Two days shy of Thanksgiving, I thought it appropriate to share a few thoughts on gratitude.
Years ago, my mother tried to explain her concept of faith in the following way (she used the Mormon term "testimony" in the original):
The idea of [faith] once seemed complicated to me and now seems much simpler. Sometimes, it seems as simple as gratitude--the ability to acknowledge divine purpose and order in all creation with a full and thankful heart--the joy of being alive, running, swimming, seeing, hearing, loving--the joy of seashells and stones, of colored fruit from the brown earth--rainbows in the air.
On another occasion, she said it this way: "The Lord has provided so much for us. In our abundance, we have become thoughtless--even offensive. ... It seems to me we have two duties: to remember the source of our blessings and to share them."
What got me thinking about gratitude was a documentary Becky and I watched recently called "God Grew Tired of Us" which tells the story of three young men, representatives of the so called "Lost Boys" of Southern Sudan, who fled violent upheaval in their country, endured incredible hardships and depredations along the way, languished for years in a refugee camp, and finally came to America as part of a special program to resettle them.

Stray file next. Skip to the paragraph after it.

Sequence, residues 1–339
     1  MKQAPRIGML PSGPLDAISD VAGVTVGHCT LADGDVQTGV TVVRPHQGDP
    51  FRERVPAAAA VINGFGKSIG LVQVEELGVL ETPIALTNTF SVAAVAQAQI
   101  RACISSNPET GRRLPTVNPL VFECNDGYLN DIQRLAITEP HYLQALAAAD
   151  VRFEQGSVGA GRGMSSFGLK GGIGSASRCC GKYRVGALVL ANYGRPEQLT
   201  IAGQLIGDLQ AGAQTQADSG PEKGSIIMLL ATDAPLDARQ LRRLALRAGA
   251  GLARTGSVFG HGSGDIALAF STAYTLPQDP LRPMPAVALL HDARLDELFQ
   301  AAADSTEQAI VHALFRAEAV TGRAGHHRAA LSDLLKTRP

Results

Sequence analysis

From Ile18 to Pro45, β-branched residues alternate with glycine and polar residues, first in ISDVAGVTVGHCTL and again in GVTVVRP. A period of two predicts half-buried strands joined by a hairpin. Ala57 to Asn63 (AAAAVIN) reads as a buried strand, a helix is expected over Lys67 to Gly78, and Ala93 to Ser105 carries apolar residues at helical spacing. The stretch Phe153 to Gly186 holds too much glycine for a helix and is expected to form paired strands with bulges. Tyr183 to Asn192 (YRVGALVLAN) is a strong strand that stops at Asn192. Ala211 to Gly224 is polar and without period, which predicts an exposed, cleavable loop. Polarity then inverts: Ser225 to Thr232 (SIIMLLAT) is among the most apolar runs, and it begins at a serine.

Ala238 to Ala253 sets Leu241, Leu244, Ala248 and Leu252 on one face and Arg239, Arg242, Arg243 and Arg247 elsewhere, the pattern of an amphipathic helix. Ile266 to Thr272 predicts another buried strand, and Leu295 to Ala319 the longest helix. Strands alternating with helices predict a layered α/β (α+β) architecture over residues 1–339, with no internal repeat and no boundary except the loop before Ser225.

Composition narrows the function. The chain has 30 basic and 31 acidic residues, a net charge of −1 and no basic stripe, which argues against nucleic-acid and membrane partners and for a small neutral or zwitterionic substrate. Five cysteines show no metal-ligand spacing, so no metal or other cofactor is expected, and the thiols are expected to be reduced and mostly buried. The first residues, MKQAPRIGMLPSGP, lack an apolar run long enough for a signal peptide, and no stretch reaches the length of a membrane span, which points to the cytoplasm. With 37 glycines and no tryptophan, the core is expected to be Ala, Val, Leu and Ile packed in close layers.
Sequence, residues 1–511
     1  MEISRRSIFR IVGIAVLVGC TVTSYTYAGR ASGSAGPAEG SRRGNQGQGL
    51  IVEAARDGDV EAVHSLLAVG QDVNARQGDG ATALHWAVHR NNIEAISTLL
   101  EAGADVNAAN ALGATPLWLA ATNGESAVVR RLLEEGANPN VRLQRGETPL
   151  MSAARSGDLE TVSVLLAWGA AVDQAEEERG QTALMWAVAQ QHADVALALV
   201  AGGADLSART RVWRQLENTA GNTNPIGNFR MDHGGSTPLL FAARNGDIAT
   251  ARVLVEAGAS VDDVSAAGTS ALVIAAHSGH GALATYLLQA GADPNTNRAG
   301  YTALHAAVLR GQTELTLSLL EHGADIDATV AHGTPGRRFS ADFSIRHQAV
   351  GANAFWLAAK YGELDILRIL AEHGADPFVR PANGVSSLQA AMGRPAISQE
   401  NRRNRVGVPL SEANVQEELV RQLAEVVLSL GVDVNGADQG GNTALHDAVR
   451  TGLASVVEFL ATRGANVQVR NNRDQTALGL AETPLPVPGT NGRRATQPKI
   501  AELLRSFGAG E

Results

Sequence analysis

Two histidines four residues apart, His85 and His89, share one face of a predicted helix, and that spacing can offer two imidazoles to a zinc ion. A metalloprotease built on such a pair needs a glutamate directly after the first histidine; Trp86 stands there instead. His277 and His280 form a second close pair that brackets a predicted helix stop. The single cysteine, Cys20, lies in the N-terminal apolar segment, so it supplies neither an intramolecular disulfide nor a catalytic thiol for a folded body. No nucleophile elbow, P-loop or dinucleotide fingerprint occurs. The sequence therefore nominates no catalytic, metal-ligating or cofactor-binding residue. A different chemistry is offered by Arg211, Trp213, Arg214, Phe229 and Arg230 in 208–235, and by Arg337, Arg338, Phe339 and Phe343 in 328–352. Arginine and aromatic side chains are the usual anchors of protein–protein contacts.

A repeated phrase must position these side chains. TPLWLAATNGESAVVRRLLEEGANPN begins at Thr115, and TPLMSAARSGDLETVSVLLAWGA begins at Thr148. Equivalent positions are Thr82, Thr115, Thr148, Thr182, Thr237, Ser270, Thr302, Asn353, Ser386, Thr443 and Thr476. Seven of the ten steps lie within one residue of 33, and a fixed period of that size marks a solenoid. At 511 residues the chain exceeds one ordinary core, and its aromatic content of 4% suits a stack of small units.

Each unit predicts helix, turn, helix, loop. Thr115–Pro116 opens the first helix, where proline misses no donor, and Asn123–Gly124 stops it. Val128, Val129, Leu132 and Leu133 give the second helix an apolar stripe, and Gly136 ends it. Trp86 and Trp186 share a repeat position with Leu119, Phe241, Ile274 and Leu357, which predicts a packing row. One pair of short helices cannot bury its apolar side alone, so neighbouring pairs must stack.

The take home message for me--apart from the idea that we Americans may have something to learn from these young men, their culture, and the way they care for each other--was gratitude: gratitude for family and friends and community, for a roof over my head, and clothes on my back, and food on the table. Clean drinking water. Time to think. Education. Medical care. All the day-to-day miracles that that we take for granted.
I was startled too by how the gratitude these young men felt for the opportunities they were given translated immediately into a desire to do as my mother suggested--to share them. While still in Africa, one started a "Parliament" to help the other boys keep their minds off their empty stomachs. Another started a foundation to build hospitals in his home country, and a third wants to build a school. Great examples: these boys who grew up with so little, deprived of all the things we take for granted.
And so, my Thansgiving prayer is for a deeper sense of gratitude, and appreciation for everyday miracles: wise mothers, the soft light of early dawn, clean water from the tap, a smile from a friend, or the touch of a loved one's hand.
(Photo courtesy of Pat Di Fruscia, available at http://i1.trekearth.com/photos/6638/morning_mist.jpg.)